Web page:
Taped to the metal cabinet in my work cubicle is a list of tips to “Get Unstuck in 2018” that I printed from author and leadership expert Robin Sharma’s website two years ago. The reminders provide guideposts to help me lead by my best example. I’m struck by the similarities between Sharma’s advice for leaders and the pearls of wisdom for early childhood educators collected from Mr. Rogers of children’s television fame, further strengthening my belief that children’s librarians make the best leaders. Below are my favorite mashups from both experts, Robin Sharma (RS) and Fred Rogers (FR). I hope you find them as helpful as I have in rediscovering my center and redefining my values for guiding a team in the new year:
RS: “Ordinary people talk about goals. Leaders get them done. With elegance, brilliance, and finesse.” (1)
FR: “There’s a world of difference between insisting on someone’s doing something and establishing an atmosphere in which that person can grow into wanting to do it.” (4)
We’ve all heard the expression, “Great minds discuss ideas, average minds discuss events, small minds discuss people” (Attributed to many, including Socrates, Henry Thomas Buckle, and Eleanor Roosevelt). Sharma extrapolates further, stating that leaders take ideas and see them to fruition, influencing change and making things happen. Rogers includes the importance of culture and environment in his quote, aspects as crucial as strategy when motivating a team toward a shared vision.
RS: “Know your values. And have the guts to live them- no matter what the crowd thinks and how the herd lives.” (1)
FR: “Try your best to make goodness attractive. That’s one of the toughest assignments you’ll ever be given.” (3)
What are the beliefs and values that direct your decisions? How are you incorporating them in your work and interactions with others? Do you have clearly stated values and expectations for your team? How are you leading by example?
RS: “Stop being selfish. Contributing to the lives of others is a great move for more joyfulness and peacefulness in your days.” (1)
FR: “What really matters is helping others win, too, even if it means slowing down and changing our course now and then.” (3)
The best leaders I’ve known have been selfless mentors, eager to encourage others, give back to the profession, and lead by a strong example. Looking for a place to start? Join ALSC’s mentoring program– it’s a rewarding experience for mentors and mentees alike!
RS: “Say ‘please’ and ‘thank you’ a lot.” “Say ‘sorry’ when you know you should.” “Keep your promises.” “Write handwritten notes….” (1)
FR: “The greatest gift you ever give is your honest self.” (4)
Manners and appreciation can go a long way when delegating to others. People are more willing to help when they know their effort is valued. And of course, fess up and apologize if you mess up. We’re all human and everyone makes mistakes. Be known for honesty, dependability, authenticity and accountability.
RS: “Breathe. Deeply. Constantly.” (1)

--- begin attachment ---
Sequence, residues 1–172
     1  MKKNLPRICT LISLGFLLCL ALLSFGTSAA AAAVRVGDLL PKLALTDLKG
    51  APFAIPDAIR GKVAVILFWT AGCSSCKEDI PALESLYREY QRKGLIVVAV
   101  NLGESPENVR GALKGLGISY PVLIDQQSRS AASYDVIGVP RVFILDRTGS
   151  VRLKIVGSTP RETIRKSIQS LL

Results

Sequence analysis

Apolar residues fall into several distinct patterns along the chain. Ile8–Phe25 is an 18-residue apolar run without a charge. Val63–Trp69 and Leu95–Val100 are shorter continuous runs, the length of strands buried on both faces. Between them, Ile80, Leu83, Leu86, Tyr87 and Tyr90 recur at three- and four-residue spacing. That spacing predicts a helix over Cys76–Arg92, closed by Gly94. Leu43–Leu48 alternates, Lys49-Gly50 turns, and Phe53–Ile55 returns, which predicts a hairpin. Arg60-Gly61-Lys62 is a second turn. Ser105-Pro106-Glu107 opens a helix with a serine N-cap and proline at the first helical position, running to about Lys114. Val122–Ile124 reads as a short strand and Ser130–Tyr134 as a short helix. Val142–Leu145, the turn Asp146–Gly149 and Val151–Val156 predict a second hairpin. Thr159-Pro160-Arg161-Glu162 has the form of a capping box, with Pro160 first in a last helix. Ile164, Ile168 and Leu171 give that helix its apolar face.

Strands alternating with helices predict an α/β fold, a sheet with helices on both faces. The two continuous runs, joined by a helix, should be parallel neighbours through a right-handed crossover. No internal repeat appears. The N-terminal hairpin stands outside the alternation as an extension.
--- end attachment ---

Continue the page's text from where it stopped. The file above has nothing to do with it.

FR: “It always helps to have people we love beside us when we have to do difficult things in life.” (3)
No one said this was going to be easy- leading a team is challenging! Take time to breathe, find your center, and take care of yourself. Surround yourself with positive and supportive people, both at work and in your personal life.
RS: “Give your life to a project bigger than yourself.” (2)
FR: “In every neighborhood, all across our country, there are good people insisting on a good start for the young, and doing something about it.” (3)
In addition to having clear values and goals, strong leaders have a sense of purpose and vision. Lead your team toward the common purpose of collective good that is youth services, letting community needs direct your choices and priorities.
RS: “Be a celebrator of other’s talents versus a critic. Haters never win.” (1)
FR: “The world needs a sense of worth, and it will achieve it only by its people feeling that they are worthwhile.” (3)
Let go of any ‘professional jealousies,’ grudges, or resentment. Negativity will only hold back your team and get in the way. Start 2020 with a clean slate and a renewed belief in positive intentions. Support your team and let them know when you appreciate and value their work.
RS: “In a world with so much toxicity, be the kindest person you know.” (1)
FR: “There are three ways to ultimate success. The first way is to be kind. The second way is to be kind. The third way is to be kind.” (3)
Being kind doesn’t mean being a pushover or avoiding conflict, it means caring deeply about and advocating for your community, your team, your organization, and your shared vision- while holding yourself and your team accountable. Or, to quote Fred Rogers again, “We live in a world in which we need to share responsibility. It’s easy to say, ‘It’s not my child, not my community, not my world, not my problem.’ Then there are those who see the need and respond. I consider those people my heroes.” (3)
In a society with increasing examples of hate and polarity, we can strengthen our teams and our service to the community through a strong vision, shared values, common purpose, and most importantly, with a level of ‘radical kindness’ that would make Mr. Rogers proud.
What are your goals for 2020? What helps keep your team centered and motivated?
Today’s blog post was written by Krista Riggs, Supervising Librarian for Programming and Eservices at the Fresno (CA) County Public Library on behalf of the ALSC Managing Children’s Services Committee.
This blog relates to ALSC core competencies of VI. Administration & Management Skills and VII. Professionalism & Professional Development.